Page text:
|Publication number||US5478722 A|
|Application number||US 07/652,095|
|Publication date||Dec 26, 1995|
|Filing date||Feb 17, 1991|
|Priority date||Feb 17, 1991|
|Also published as||US5776754|
|Publication number||07652095, 652095, US 5478722 A, US 5478722A, US-A-5478722, US5478722 A, US5478722A|
|Inventors||Charles W. Caldwell|
|Original Assignee||The Curators Of The University Of Missouri|
|Export Citation||BiBTeX, EndNote, RefMan|
|Patent Citations (5), Non-Patent Citations (20), Referenced by (35), Classifications (22), Legal Events (6)|
|External Links: USPTO, USPTO Assignment, Espacenet|
This invention is in the fields of biochemistry and medicine. It provides a method of preserving cells which are biologically inert but which retain their surface antigenic proteins and DNA characteristics. Such cells are useful in flow cytometry (an automated method of analyzing cell populations) and in other immunological and analytical procedures used in medicine.
Various efforts have been made to develop methods of preserving cells in biologically inert form, which are useful for a variety of purposes, some of which will be described below. The subject invention concerns one such method, which appears to offer a major improvement over all previous methods. Since the preserved cells provided by the method described herein are especially useful in flow cytometry, some background information on flow cytometry is provided in the following subsections.
Flow cytometry is a method of analyzing cell subpopulations, using automated equipment. It is widely used in medical labs and in biomedical and biochemical research, and it is discussed in various books and articles such as Melamed et al 1990 (full citations are provided below) and in journals such as Cytometry and the American Journal of Clinical Pathology.
Briefly, cells entrained in a stream of liquid (such as human blood cells in buffered saline solution) are passed through a transparent tube. The tube is subjected to a beam of excitatory light having a desired wavelength. Some but not all of the cells will be fluorescent, due to a prior treatment which is carried out to distinguish certain cells from other cells.
For example, flow cytometry can be used to analyze the number or the fraction of cells which contain a certain surface protein. Since this technique involves antibody binding, the surface proteins are usually called "antigens," even though they are endogenous proteins that usually do not act as antigens in the normal sense (i.e., they do not provoke an antibody-producing response by the patient's immune system). A population of cells which are suspected of containing a certain antigen (surface protein) can be incubated with monoclonal antibodies (MoAb's) that bind only to the antigen of interest. Before being used in this manner, the MoAb's have fluorescent molecules (such as fluorescein, phycoerythrin, or rhodamine) coupled to them. If these fluorochrome-coupled monoclonal antibodies (FC-MoAb's) attach to cells having the antigen of interest, the fluorescent molecules attached to the MoAb's cause cells with those antigens to become fluorescent, while the cells which do not have those antigens do not become fluorescent.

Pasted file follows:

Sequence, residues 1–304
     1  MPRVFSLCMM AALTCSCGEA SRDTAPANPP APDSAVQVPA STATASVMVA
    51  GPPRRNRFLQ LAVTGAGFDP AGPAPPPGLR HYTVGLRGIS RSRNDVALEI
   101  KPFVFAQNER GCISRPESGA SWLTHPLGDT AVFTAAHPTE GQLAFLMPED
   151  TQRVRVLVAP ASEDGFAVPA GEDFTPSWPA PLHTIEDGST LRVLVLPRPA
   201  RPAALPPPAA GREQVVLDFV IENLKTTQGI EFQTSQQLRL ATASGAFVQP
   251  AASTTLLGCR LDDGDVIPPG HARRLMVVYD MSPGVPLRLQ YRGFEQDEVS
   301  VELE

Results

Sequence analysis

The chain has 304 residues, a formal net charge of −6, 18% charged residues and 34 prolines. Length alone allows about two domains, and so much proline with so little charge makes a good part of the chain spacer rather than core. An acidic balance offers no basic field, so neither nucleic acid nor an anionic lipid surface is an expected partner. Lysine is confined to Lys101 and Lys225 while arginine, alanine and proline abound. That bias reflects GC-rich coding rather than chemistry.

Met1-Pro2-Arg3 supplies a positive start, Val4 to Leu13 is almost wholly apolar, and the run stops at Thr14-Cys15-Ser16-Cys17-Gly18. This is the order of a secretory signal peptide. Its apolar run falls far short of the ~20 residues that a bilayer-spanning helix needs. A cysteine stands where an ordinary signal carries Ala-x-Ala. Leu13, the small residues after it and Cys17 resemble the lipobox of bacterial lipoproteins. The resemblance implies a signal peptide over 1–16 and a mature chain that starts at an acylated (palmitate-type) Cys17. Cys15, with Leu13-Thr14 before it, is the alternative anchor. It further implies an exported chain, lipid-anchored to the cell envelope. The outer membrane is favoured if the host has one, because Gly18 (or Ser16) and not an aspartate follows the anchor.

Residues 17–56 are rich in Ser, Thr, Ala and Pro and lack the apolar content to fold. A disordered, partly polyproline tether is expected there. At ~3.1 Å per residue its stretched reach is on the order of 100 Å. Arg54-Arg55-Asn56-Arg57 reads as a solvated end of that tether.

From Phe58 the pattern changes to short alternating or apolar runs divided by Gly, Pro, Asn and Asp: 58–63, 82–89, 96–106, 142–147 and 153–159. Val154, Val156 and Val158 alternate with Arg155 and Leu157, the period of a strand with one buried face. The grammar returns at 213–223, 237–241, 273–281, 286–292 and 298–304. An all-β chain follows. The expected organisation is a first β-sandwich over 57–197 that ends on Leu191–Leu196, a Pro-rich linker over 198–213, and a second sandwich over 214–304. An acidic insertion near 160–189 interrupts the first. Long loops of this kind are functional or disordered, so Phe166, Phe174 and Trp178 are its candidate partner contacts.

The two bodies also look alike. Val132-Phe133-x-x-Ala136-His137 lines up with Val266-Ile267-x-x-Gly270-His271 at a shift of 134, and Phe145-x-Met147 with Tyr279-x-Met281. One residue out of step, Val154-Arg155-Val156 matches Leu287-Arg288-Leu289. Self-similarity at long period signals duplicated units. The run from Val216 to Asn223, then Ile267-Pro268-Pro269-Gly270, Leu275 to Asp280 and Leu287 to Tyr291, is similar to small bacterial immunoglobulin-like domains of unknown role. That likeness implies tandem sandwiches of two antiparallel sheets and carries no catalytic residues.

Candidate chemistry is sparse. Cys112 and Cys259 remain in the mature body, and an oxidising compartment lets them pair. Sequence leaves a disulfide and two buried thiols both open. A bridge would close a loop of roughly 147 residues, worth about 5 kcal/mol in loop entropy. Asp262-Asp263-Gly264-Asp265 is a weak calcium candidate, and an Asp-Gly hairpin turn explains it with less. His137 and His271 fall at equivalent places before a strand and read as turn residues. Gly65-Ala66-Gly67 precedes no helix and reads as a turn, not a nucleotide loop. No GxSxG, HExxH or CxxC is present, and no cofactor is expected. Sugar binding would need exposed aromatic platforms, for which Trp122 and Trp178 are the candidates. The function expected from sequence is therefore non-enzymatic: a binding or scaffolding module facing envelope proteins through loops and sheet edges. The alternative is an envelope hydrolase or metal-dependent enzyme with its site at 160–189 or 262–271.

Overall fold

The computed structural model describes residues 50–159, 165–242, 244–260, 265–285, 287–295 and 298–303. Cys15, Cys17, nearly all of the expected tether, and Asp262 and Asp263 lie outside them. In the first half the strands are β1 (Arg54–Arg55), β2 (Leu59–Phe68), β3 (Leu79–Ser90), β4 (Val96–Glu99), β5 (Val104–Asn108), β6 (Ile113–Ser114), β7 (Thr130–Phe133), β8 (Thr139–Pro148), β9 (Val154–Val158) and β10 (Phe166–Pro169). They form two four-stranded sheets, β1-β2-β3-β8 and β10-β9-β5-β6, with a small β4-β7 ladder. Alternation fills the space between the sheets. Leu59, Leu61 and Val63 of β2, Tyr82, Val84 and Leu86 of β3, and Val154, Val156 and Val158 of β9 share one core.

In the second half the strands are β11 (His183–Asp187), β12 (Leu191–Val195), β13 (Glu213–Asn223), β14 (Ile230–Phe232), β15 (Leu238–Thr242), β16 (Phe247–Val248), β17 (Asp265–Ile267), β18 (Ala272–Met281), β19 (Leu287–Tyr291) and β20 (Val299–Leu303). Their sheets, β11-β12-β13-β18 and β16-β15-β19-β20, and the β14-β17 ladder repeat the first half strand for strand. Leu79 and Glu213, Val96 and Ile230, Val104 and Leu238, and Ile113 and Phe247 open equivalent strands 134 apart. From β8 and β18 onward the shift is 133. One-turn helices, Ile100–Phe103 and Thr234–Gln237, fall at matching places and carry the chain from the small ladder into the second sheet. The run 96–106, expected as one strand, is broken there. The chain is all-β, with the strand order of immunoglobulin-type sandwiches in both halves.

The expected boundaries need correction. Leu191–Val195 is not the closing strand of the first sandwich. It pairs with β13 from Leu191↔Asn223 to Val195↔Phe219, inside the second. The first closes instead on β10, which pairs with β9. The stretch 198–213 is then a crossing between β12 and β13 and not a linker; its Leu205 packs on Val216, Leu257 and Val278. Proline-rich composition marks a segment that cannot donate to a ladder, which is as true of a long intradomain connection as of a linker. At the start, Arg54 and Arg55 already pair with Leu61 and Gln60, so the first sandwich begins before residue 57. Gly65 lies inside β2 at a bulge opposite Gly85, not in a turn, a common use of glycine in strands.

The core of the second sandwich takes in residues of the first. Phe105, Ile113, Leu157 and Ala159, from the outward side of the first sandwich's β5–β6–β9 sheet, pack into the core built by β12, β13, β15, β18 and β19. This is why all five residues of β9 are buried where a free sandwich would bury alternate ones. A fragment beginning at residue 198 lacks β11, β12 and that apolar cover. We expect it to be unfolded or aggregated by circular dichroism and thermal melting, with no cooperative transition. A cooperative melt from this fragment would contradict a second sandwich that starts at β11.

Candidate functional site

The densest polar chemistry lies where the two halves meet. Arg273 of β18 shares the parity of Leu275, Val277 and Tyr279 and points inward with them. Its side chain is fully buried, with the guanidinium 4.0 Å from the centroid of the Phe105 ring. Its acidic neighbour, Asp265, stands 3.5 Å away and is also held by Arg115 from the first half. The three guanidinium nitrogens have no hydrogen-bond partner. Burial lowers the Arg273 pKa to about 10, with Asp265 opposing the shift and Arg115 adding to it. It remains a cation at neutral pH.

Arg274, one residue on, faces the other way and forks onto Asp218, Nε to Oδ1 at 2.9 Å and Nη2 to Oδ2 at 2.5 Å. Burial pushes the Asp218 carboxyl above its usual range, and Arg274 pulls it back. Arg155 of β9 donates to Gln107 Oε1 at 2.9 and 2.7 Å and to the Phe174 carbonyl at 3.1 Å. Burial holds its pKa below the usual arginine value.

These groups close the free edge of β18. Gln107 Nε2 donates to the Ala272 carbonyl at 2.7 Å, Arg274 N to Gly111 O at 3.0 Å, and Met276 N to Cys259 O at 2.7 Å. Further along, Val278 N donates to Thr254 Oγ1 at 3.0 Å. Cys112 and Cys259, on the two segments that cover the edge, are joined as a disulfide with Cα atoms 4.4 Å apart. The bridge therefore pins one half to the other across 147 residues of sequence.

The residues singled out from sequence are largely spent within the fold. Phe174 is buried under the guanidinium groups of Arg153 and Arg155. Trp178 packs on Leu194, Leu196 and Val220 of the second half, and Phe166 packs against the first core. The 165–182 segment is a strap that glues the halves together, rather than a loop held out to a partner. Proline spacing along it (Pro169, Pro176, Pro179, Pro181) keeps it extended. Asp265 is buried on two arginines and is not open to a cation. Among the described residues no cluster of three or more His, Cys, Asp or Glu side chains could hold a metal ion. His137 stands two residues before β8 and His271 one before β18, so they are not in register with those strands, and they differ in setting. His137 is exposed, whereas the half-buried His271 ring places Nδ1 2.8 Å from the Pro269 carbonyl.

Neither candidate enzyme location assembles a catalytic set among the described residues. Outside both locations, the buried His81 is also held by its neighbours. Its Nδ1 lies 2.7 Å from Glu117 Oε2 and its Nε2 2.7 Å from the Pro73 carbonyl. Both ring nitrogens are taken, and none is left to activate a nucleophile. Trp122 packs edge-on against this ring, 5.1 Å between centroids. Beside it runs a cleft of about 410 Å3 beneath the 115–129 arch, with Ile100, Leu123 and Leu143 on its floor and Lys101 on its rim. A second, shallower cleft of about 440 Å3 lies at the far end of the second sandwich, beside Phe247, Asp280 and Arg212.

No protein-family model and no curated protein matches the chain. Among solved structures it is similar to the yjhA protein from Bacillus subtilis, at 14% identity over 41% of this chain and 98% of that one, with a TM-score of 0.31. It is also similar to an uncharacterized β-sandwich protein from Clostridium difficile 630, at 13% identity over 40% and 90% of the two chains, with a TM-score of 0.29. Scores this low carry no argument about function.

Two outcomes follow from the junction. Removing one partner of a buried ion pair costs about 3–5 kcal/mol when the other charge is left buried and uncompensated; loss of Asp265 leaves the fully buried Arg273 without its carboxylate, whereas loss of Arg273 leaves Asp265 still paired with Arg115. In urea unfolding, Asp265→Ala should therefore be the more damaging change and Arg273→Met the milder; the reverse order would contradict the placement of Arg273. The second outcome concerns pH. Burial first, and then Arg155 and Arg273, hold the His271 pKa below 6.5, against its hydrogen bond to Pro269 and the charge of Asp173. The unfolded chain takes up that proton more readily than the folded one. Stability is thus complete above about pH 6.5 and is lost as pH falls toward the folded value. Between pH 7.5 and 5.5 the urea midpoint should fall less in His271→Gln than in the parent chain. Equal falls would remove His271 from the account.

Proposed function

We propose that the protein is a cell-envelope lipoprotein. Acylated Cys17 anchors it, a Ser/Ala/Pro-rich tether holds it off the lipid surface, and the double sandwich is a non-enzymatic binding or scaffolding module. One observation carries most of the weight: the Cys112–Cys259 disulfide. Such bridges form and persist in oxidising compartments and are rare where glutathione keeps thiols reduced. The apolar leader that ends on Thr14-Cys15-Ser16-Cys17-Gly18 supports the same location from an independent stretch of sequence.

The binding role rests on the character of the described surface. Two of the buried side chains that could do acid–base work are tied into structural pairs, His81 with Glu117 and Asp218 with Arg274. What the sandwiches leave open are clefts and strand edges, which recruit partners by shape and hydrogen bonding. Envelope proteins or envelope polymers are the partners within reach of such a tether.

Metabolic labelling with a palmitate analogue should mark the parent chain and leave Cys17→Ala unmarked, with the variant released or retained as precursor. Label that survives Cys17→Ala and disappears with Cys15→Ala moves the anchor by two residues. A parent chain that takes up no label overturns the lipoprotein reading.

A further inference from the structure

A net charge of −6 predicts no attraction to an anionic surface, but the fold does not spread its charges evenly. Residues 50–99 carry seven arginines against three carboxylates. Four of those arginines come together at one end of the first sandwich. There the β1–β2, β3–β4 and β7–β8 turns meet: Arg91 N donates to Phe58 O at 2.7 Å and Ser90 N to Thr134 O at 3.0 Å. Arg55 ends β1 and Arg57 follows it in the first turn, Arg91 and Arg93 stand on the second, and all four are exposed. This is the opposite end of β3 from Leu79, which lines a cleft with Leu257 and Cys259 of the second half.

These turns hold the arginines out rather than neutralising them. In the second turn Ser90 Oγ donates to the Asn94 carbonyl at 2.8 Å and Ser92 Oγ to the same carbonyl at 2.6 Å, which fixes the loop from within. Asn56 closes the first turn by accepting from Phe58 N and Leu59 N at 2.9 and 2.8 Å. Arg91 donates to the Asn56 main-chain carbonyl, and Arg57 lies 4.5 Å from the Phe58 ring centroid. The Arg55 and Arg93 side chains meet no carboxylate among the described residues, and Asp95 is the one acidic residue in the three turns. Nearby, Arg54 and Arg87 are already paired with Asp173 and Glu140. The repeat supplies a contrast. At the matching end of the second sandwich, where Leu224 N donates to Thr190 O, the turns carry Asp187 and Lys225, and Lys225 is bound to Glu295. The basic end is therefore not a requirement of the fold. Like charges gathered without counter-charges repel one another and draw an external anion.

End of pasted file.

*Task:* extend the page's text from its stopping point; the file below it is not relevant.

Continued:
To analyze the cells in a flow cytometer, the cells are passed through the beam of excitatory light during a test run (which may involve a research experiment, a medical diagnostic test, etc.). As they pass through the transparent tube, a light having a wavelength that excites the fluorescent molecules is shone upon them. Cells which do not have the antigen of interest, and which therefore have few or no FC-MoAb's attached to them, will have only a minimal (background) level of fluorescence; by contrast, cells which have the antigen and which have attached FC-MoAb's will emit a high level of fluorescent radiation at a different wavelength than the excitatory light. The fluorescent radiation is detected by an optical sensor, which is coupled to analytical circuitry to display and record the data.